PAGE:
iQ’s research found that nearly 1,000 people a year search for homesickness remedies in Scotland’s capital. As a student, moving to a capital city may feel overwhelming at first but once you find your feet, Edinburgh has something for everyone. From the nearly 300 clubs and societies available at Edinburgh University, you are sure to find a group of people who make you feel at home. With three iQ Student Accommodations properties in Edinburgh there is plenty of opportunity to make friends in your accommodation, whether through a shared passion in one of iQ’s Clubs like cooking or gaming or even finding a gym buddy.

Birmingham is the least homesick student-centric city according to search data

On the contrary to the most homesick cities in the UK, iQ’s data analysis also tells us that the student-centric city with the lowest search numbers around homesickness is Birmingham, home to three iQ properties. Birmingham only sees 120 searches per month for terms around homesickness. Given that the population of Birmingham is over 2.5 million, this is a very small percentage – the lowest of all the cities in the study.

However, this isn’t to say students across the country in any city are unsusceptible to homesickness from time to time.

5 Tips to Help Students Overcome Homesickness

Homesickness is a common challenge for students, especially those who are away from home for the first time. Here are five tips from the team at iQ Student Accommodation to help overcome homesickness:

Establish a Routine: Creating a daily routine can provide a sense of structure and familiarity. This routine might include regular study hours, exercise, and social activities. Having a predictable schedule can help you feel more grounded and less overwhelmed by the new environment.

Stay Connected: Keep in touch with family and friends back home. Video calls, messages, and social media can bridge the distance and make you feel more connected. Plan regular check-ins with loved ones to share your experiences and hear about theirs. However, try to balance this with forming new connections in your current location.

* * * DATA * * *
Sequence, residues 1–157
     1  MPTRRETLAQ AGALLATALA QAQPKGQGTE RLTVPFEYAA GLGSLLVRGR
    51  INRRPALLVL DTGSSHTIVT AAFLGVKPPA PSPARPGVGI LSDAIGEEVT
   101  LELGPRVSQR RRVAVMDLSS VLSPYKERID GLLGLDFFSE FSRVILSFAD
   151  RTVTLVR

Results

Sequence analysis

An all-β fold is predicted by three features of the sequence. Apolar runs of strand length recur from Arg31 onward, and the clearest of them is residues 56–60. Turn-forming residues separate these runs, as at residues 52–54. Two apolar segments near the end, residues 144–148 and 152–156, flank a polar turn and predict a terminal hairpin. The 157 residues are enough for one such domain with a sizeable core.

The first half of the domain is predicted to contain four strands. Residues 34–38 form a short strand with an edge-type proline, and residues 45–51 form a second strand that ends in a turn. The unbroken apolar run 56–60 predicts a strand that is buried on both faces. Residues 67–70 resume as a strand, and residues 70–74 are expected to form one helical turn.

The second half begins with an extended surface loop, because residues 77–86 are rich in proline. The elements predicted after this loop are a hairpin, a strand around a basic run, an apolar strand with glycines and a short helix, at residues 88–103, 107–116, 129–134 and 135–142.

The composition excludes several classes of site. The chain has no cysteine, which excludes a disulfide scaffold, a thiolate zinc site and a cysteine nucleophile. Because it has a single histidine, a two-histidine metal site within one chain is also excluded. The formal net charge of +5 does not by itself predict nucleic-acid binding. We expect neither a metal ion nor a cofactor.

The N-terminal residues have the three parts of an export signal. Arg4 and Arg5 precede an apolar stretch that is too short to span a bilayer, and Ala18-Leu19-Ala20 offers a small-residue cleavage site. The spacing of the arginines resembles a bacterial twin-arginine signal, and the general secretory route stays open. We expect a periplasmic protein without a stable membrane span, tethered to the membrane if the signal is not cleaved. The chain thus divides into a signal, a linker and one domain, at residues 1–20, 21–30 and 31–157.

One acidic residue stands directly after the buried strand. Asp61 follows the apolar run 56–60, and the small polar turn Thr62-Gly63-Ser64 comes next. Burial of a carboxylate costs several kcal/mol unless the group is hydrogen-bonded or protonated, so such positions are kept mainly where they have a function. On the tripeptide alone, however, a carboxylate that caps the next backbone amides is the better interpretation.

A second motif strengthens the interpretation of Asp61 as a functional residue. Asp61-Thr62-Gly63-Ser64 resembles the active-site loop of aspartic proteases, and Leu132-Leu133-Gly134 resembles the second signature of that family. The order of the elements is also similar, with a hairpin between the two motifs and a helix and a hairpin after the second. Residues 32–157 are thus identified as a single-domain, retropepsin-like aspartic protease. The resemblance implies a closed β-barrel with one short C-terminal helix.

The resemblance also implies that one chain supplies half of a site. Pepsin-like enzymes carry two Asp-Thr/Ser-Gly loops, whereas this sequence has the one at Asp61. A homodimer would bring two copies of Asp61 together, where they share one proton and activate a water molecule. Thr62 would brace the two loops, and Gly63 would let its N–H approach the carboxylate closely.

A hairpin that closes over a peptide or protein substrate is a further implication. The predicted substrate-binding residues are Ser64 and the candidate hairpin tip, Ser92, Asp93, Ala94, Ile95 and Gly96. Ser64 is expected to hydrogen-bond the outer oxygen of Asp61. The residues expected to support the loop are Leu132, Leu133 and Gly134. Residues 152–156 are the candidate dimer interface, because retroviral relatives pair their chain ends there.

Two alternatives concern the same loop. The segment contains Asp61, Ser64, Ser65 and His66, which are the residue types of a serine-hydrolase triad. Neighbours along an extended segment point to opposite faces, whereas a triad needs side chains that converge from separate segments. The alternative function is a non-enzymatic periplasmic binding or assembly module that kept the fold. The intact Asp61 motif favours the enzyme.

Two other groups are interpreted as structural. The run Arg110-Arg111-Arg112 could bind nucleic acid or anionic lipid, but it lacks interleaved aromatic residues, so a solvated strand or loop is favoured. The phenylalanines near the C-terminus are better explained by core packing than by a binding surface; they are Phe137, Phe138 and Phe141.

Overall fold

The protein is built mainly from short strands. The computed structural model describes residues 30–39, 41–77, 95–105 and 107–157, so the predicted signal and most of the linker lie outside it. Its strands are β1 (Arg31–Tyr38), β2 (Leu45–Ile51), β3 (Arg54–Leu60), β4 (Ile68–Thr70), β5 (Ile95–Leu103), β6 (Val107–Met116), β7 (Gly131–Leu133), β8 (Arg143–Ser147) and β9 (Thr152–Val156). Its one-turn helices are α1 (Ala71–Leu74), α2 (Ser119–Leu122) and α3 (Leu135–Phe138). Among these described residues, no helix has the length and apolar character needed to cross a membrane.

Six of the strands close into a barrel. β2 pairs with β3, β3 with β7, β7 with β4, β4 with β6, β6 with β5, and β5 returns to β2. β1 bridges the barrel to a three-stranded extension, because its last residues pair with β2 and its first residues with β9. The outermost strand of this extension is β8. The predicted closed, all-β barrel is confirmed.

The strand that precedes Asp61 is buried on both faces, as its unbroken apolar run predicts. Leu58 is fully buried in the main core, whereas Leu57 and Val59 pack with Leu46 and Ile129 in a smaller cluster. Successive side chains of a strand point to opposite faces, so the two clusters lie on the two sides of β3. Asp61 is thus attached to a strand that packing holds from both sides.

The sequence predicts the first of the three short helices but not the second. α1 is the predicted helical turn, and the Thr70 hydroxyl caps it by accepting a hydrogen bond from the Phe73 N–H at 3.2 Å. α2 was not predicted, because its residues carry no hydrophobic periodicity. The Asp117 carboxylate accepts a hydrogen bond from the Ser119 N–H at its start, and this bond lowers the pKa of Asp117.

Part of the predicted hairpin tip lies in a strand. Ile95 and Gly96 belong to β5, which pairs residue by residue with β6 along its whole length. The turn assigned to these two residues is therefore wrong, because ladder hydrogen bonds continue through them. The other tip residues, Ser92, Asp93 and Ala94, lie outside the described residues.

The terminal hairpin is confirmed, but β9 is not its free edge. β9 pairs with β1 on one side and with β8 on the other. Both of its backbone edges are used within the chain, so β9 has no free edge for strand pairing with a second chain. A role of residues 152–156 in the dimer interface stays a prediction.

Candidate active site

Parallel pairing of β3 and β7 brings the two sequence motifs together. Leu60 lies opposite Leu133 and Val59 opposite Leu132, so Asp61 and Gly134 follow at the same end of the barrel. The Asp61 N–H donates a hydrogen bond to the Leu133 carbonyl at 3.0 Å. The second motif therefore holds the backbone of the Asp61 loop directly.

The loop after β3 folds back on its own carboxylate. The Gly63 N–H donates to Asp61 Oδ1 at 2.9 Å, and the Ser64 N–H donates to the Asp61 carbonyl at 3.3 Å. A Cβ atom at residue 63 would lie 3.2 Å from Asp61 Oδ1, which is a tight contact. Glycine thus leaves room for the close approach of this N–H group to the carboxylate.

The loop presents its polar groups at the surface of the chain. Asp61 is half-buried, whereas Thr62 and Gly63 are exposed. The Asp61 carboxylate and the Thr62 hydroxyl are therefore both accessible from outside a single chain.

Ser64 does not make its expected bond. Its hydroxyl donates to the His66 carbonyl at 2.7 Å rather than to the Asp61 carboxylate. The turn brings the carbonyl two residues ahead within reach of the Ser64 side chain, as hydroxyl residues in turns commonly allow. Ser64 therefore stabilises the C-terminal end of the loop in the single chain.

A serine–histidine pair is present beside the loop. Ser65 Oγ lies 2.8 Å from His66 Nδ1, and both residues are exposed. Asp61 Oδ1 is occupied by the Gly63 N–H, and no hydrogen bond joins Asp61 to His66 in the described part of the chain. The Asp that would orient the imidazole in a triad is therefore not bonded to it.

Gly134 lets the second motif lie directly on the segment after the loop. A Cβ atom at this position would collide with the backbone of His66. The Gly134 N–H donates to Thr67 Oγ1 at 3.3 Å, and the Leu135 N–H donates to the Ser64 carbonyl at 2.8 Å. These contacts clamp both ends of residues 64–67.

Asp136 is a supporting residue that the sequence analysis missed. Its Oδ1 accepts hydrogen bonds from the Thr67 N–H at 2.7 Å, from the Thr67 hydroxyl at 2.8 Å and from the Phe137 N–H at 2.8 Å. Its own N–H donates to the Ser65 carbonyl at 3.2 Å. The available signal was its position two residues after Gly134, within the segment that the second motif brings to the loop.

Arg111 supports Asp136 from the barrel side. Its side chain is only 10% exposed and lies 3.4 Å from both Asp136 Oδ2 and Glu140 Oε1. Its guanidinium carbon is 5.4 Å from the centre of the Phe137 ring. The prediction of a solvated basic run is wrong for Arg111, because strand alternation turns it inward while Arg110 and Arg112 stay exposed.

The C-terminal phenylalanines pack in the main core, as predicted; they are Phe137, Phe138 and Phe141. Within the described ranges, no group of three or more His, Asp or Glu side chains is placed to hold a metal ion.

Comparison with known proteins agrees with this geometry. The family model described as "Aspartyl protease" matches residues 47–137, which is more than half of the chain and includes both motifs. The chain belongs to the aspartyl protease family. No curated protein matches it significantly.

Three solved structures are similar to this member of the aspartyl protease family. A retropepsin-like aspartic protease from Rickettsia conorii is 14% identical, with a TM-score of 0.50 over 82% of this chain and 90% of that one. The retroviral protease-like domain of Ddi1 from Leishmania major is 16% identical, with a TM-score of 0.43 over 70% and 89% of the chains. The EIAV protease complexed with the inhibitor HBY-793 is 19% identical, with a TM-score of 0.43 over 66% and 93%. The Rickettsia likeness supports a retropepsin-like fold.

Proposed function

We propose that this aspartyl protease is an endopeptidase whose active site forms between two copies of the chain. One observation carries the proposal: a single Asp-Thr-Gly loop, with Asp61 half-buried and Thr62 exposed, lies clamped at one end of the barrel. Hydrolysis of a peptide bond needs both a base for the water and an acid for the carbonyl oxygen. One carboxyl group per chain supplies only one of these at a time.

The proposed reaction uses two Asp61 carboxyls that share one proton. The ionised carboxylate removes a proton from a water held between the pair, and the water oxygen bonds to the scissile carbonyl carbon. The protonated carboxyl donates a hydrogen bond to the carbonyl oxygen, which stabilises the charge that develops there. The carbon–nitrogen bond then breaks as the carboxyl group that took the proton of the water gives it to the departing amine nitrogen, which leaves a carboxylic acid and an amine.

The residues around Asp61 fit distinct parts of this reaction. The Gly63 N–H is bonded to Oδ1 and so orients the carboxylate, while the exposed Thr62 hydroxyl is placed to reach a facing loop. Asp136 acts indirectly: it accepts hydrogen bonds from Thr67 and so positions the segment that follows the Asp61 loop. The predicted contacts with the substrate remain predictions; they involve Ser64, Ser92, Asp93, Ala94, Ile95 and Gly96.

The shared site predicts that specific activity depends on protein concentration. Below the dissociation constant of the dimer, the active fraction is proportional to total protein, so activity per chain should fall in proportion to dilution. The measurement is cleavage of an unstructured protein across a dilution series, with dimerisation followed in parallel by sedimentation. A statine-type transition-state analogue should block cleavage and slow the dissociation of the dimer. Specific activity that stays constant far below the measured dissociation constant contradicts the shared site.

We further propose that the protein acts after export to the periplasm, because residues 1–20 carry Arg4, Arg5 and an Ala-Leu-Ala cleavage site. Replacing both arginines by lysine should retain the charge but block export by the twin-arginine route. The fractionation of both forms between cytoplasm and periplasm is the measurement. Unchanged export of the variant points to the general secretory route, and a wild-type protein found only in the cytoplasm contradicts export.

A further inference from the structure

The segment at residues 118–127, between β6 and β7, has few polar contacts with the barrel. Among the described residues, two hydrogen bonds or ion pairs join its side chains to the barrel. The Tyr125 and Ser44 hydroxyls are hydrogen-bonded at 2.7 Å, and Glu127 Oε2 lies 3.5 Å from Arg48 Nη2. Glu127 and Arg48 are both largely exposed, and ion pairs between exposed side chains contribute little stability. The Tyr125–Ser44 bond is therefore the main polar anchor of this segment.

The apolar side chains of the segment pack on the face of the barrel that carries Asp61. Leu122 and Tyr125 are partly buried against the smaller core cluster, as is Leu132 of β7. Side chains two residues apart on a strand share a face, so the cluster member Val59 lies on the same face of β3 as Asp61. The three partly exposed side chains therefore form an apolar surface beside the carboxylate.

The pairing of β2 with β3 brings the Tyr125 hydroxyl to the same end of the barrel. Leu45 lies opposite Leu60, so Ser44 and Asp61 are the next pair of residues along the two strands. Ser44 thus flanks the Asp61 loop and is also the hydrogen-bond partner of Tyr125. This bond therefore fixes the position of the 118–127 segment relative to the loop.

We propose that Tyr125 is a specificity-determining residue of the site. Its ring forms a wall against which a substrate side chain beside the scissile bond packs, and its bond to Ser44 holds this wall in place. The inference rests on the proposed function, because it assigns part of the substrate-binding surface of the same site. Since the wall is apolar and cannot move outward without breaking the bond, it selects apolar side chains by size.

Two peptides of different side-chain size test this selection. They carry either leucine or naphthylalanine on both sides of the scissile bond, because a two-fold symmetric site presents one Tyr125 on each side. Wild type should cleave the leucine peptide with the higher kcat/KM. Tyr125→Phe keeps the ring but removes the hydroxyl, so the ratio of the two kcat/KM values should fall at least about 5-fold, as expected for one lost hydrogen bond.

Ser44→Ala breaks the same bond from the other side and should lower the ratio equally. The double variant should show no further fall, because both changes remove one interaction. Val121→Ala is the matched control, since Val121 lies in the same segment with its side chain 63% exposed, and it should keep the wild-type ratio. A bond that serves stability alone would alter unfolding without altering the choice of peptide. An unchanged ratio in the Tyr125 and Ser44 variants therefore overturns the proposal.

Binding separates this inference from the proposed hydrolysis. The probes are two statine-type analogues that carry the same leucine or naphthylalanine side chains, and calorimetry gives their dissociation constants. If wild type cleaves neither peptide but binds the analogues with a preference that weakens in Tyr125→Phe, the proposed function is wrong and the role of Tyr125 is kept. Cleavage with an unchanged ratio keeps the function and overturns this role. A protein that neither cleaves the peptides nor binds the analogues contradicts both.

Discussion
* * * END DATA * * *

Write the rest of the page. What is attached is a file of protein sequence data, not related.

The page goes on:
Explore Your New Surroundings: Get to know your new environment by exploring the campus and the local community. Familiarise yourself with nearby shops, parks, and recreational areas. Becoming more comfortable in your surroundings can help reduce feelings of isolation and make your new location feel more like home.

Join Clubs and Activities: Participate in clubs, sports, or other extracurricular activities on campus. This is a great way to meet new people who share similar interests. Building a social support network can provide a sense of belonging and help distract you from feelings of homesickness. iQ Student Accommodation offers a range of clubs to residents, and they have been proven to be a great way to make friends.

Practice Self-Care: Take care of your physical and mental well-being. Ensure you are getting enough sleep, eating well, and incorporating regular exercise into your routine. Practicing mindfulness or meditation can also be helpful in managing stress and homesickness. Prioritise self-care to maintain a healthy balance in your life.

Sarah Cowing, Head of Central Operations at iQ Student Accommodation says, “Remember that homesickness is a normal part of adjusting to a new environment, and it tends to improve with time. If your feelings persist or become overwhelming, consider reaching out to your university’s mental health service that are on campus and online.  For any students in iQ Student Accommodation across the UK you can also reach out to your city Wellbeing Ambassador who can provide support through our partners at Shout and Student Minds. iQ also partner with mindfulness app Headspace to give students 12 months free premium membership.

iQ residents have access to a range of facilities on site, from cinema rooms to cooking clubs, and even exclusive events like Speed Friending that help residents to get to know each other and make friends and hopefully head off any feelings of homesickness.”

About Lisa Baker, Editor, Wellbeing News 4122 Articles
Editor Lisa Baker is passionate about the benefits of a holistic approach to healing. Lisa is a qualified Vibrational Therapist and has qualifications in Auricular Therapy, Massage, Kinesiology, Crystal Healing, Seichem and is a Reiki Master.